Publication date: 18 September 2007

Charles Blankson and Stavros P. Kalafatis

This article aims to examine positioning strategies of international and multicultural‐oriented service brands.

Abstract

Purpose

This article aims to examine positioning strategies of international and multicultural‐oriented service brands.

Design/methodology/approach

Following review of the literature and pilot study, three main populations (executives and experts, companies' marketing communications, and the target group of consumers) were examined. The methodology concerned triangulation research involving face‐to‐face long interviews, secondary data, content analysis and mail survey.

Findings

The paper highlights that while no single positioning strategy is significant across the four card brands (Visa, MasterCard, Amex and Diners Club), “the brand name” positioning strategy appears to be the most preferred among Visa, MasterCard and Amex and not Diners Club. The findings also show that “top of the range” positioning strategy is favored among Amex and Diners Club card brands. However, “country of origin” positioning strategy is incompatible within the study setting.

Research limitations/implications

Apart from the low response rate from survey of the general public, another limitation of this study is the concentration on a single sector of the services industry. The latter poses difficulties for generalization across all service brands.

Practical implications

Service managers now have an insight into the positioning activities of the plastic card brand sector. These serve as building blocks and benchmarks for appreciating and operationalizing the concept of positioning – a research issue that is missing in the extant literature.

Originality/value

This study is a step forward in the operationalization of the concept of positioning. The research also provides diagnosis of the congruence between management's presumed positioning strategies, firm's actual positioning practices and target group's perceptions of the positioning strategies. Without such knowledge, managers cannot expect to choose the best competitive options to defend or enhance their positions in the market place.

Details

Journal of Services Marketing, vol. 21 no. 6
Type: Research Article
ISSN: 0887-6045

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Article
Publication date: 1 November 2000

Stavros P. Kalafatis, Markos H. Tsogas and Charles Blankson

Tests the relevance of positioning within the domain of business marketing through the application of a new typology of positioning strategies. The proposed typology is…

Abstract

Tests the relevance of positioning within the domain of business marketing through the application of a new typology of positioning strategies. The proposed typology is tested in a well‐established market sector which is characterised by commodity products and consequently the research deals with positioning as applied to actual companies rather than specific brands. Our results offer strong support as to the stability of the proposed typology and the relevance of the concept of positioning in business markets. The authors suggest that although business positioning is predominantly determined by hard criteria (e.g. product quality) and relationship building factors (e.g. personal contact), other considerations such as company structures (i.e. geographical coverage), breadth of offerings and degree of integration (i.e. location in the distribution chain), also play an important part. Finally, we offer support to the claim that, level of familiarity with a specific company is a contributing factor to perceptions of the pursued positioning strategies.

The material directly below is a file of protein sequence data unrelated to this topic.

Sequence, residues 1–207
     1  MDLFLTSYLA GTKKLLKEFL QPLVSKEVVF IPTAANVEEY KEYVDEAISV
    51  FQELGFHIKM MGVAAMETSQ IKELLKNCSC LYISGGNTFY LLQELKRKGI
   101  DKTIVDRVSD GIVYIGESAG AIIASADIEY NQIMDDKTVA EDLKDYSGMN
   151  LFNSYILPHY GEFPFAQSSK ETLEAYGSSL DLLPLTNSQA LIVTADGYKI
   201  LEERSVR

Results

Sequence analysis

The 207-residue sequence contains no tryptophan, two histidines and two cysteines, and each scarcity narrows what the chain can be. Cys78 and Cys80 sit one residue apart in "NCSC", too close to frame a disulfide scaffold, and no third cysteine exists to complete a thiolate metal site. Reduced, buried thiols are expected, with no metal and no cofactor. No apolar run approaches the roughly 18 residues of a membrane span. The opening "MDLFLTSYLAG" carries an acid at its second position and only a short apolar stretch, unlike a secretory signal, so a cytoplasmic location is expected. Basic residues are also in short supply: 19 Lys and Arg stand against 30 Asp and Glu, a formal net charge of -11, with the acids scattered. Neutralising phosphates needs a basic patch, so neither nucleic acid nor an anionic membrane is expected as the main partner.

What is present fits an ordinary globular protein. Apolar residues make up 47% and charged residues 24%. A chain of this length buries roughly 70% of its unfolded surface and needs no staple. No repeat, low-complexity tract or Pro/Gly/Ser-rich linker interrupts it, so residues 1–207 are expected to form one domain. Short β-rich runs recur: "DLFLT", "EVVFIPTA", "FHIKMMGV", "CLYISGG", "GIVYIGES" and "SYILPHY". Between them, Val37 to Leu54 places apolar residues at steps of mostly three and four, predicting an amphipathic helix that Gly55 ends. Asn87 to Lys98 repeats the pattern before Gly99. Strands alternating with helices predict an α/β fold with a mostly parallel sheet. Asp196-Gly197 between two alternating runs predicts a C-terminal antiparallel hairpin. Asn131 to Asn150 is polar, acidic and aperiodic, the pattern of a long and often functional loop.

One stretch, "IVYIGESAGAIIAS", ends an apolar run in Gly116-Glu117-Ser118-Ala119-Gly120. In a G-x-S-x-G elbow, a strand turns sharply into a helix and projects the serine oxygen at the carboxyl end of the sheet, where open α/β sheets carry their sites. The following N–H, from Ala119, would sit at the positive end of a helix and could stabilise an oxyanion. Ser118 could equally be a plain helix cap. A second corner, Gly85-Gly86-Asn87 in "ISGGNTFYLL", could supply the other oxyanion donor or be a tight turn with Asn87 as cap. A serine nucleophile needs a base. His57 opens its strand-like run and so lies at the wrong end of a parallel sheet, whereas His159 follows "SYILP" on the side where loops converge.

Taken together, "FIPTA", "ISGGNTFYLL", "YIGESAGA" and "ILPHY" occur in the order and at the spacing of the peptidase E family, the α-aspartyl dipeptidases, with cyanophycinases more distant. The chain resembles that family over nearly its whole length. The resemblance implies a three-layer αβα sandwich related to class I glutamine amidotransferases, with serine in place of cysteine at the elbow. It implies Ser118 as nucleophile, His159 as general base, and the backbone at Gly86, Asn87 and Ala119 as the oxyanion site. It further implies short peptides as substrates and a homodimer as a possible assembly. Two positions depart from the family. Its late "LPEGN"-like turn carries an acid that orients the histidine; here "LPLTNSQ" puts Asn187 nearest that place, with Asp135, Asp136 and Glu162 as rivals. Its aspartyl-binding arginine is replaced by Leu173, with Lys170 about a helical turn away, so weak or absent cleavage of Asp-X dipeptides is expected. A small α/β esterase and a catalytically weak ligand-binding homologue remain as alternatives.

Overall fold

Details

Journal of Business & Industrial Marketing, vol. 15 no. 6
Type: Research Article
ISSN: 0885-8624

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Article
Publication date: 1 February 1996

Annik Hogg, Stavros P. Kalafatis and Charles Blankson

Deals with some issues associated with relationship‐forming patterns within the UK trade of rice. In particular examines the importance of 16 variables, through a…

Abstract

Deals with some issues associated with relationship‐forming patterns within the UK trade of rice. In particular examines the importance of 16 variables, through a telephone survey, at three levels of the distribution chain, millers/ importers, manufacturers and retailers. The results indicate an overall uniformity in the importance of the variables between the channel intermediaries. In relative terms, finds soft/ personal variables to be perceived as less important than hard/product‐related variables. Furthermore, consistent with existing literature, identifies the following relationship‐forming groups of variables: interpersonal or intanintegrative criteria, relationship monitoring criteria, price criteria and product criteria.

Details

British Food Journal, vol. 98 no. 1